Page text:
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HRW Accuses Prince Charles of Not Caring About the “Crushing of Dissent” in Bahrain

2016-10-18 - 1:03 am

Bahrain Mirror: Human Rights Watch (HRW) accusing the Prince of Wales of not caring enough about the "crushing of dissent" in Bahrain as details of his trip to the Gulf state were announced

According to BT News, Human Rights Watch also criticised the Government, which requested Charles and Camilla tour the region, for standing "squarely and cravenly" behind the Bahrain administration, which has been accused of a string of abuses since pro-democracy protesters were violently suppressed during the Arab Spring of 2011. 

Also, Amnesty International UK called on the heir to the throne to speak out about universal values like free speech and open debate when in the Middle East, the website added.

The campaigning organization, HRW, has described Bahrain's human rights climate as remaining ''highly problematic'' on its website. It further added, "'The country's courts convict and imprison peaceful dissenters and have failed to hold officials accountable for torture and other serious rights violations."

Moreover, the BT website indicated that It is understood that the Prince and Duchess are aware of concerns organizations have raised about human rights in Bahrain.

According to a HRW spokesman, "Prince Charles has been an active advocate for the causes that are close to his heart, so he clearly doesn't care too much about the crushing of dissent and the jailing of activists in Bahrain.

"The Prince will no doubt have ardent support for this trip from the British Government who have stood squarely and cravenly behind the Bahrainis as they have dismantled civil society and locked up their critics," the HRW representative added.

Head of policy and government affairs at Amnesty International UK, Allan Hogarth, said, "We're not expecting Prince Charles to reinvent himself as a human rights campaigner on this trip, but we hope he'll use some of his time to speak about universal values like free speech and open debate."

Hogarth added, "In particular when Prince Charles meets King Hamad we'd like him to raise the plight of Nabeel Rajab. Mr Rajab is facing a lengthy prison sentence for his online remarks about the torture of detainees in Bahraini jails as well as the country's role in the controversial conflict in Yemen." He further noted that sadly, "UK ministers have recently bent over backwards to paint a picture of Bahrain as a country pushing ahead with 'reforms' - the much darker truth is that it's a country hounding and locking up its dissidents."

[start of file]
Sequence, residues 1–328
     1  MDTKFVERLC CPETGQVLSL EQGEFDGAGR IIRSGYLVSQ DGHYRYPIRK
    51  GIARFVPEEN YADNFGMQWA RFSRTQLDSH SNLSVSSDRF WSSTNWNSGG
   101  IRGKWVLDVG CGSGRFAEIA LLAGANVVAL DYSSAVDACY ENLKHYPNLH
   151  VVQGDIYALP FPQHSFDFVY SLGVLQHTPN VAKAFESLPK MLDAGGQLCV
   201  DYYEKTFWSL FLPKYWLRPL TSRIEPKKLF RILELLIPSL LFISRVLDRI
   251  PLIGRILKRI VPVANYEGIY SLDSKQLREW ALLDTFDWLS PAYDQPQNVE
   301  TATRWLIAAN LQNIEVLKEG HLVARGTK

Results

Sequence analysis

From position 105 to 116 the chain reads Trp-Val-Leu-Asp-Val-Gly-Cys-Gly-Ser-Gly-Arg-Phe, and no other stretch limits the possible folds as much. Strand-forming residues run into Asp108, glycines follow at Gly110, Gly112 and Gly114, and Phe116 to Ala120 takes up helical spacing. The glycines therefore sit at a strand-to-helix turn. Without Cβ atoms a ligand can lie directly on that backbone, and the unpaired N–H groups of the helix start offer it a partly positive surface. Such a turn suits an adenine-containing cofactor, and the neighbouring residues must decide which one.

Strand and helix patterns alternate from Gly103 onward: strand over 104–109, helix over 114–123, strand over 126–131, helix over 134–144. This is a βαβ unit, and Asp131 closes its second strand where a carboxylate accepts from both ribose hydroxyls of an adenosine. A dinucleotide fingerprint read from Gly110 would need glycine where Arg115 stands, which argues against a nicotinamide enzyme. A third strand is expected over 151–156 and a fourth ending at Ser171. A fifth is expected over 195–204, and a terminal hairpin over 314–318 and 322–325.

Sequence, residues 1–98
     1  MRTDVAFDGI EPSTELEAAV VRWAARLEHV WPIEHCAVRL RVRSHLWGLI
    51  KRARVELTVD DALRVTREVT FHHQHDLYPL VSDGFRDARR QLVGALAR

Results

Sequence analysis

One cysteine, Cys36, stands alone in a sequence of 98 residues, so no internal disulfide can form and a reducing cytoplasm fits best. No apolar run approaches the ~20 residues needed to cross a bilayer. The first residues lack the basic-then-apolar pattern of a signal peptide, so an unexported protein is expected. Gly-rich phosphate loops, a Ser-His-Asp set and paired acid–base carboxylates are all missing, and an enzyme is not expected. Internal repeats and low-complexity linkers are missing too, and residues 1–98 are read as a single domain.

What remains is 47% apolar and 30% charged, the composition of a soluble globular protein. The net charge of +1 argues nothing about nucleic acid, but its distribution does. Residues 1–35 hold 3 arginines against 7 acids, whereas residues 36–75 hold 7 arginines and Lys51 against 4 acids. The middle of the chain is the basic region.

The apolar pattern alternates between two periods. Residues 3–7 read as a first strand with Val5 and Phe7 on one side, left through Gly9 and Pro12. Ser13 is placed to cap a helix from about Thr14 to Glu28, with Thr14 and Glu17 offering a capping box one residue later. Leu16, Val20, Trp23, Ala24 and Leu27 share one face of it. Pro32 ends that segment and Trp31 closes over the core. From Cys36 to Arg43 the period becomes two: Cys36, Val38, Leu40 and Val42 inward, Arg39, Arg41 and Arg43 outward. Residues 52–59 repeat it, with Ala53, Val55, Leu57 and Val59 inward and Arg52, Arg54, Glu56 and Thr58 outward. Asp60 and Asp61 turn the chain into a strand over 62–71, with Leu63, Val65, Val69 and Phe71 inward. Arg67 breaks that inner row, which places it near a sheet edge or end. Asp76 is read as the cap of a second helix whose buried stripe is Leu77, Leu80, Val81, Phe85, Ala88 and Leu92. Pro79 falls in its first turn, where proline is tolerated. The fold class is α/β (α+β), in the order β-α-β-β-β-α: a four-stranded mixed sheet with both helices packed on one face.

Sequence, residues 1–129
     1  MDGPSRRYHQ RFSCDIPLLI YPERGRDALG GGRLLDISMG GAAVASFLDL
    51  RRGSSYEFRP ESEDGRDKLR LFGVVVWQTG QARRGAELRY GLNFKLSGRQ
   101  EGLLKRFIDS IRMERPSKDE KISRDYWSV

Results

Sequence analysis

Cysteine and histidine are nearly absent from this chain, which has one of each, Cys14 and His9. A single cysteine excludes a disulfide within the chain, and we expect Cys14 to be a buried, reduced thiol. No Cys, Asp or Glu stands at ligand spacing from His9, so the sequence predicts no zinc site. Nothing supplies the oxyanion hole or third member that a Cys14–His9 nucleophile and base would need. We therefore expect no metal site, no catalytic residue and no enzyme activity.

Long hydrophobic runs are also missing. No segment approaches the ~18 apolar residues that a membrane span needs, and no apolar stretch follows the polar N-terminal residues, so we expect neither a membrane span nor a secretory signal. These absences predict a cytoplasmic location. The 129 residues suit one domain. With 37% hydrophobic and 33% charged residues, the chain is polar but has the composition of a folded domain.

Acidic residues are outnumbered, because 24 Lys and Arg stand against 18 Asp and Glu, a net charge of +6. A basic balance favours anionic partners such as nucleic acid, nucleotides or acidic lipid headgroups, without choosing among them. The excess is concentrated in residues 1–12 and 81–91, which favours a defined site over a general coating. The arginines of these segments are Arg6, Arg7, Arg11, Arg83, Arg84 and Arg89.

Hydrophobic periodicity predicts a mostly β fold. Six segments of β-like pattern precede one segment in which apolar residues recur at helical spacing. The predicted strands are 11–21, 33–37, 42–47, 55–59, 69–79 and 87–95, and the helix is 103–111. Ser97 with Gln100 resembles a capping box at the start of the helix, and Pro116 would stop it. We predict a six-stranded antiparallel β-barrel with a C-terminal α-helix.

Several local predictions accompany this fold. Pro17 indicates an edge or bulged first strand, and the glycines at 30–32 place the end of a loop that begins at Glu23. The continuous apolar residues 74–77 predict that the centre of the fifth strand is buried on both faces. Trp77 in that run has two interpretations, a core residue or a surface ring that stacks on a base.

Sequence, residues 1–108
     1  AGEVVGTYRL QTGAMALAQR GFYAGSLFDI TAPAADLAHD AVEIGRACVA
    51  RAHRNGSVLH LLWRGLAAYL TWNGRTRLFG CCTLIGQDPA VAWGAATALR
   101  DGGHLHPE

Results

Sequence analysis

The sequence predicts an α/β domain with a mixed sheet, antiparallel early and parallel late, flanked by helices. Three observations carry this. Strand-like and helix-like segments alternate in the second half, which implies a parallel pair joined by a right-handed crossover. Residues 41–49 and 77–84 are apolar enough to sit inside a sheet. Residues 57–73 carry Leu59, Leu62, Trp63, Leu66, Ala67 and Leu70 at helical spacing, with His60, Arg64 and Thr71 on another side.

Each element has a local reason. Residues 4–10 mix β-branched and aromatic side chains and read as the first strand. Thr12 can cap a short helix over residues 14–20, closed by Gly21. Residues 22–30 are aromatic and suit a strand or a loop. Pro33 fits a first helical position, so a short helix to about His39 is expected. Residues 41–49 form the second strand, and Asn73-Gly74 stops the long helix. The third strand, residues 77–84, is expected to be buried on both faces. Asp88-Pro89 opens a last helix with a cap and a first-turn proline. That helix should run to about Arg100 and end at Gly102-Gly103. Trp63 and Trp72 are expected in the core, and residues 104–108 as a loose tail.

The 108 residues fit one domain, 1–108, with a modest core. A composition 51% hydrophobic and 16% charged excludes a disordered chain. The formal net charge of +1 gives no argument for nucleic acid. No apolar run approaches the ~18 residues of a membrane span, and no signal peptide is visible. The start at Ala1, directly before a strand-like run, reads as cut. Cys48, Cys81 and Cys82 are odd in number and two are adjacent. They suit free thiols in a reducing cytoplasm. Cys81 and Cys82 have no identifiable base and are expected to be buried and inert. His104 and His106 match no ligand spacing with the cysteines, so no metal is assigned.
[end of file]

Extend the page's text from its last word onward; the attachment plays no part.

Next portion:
However, the British Government's relationship with Bahrain was criticized in a report by the Commons Foreign Affairs Select Committee published in April, the news website went on to say.

In addition, Members of Parliament said there was "plainly a perception'' that the issue of human rights had been downgraded in the Government's dealings with countries like Saudi Arabia, Egypt and Bahrain.

In response to the MPs' criticism, the then foreign secretary Philip Hammond defended his Ministry, saying, "Improving human rights is a core function of the Foreign Office and is the responsibility of every British diplomat around the world."

Complete details of the royal couple's itinerary have yet to be finalized so it is not yet known if they will meet Bahrain's King Hamad bin Isa Al Khalifa, who has known the Queen and her family for many years, or senior politicians.

The website also highlighted that there is a precedent for Charles responding to concerns about human rights in foreign countries, as last year he was praised by a campaigning group when he took the decision to raise the plight of jailed Saudi blogger Raif Badawi with Saudi Arabia's King Salman.


Arabic Version    


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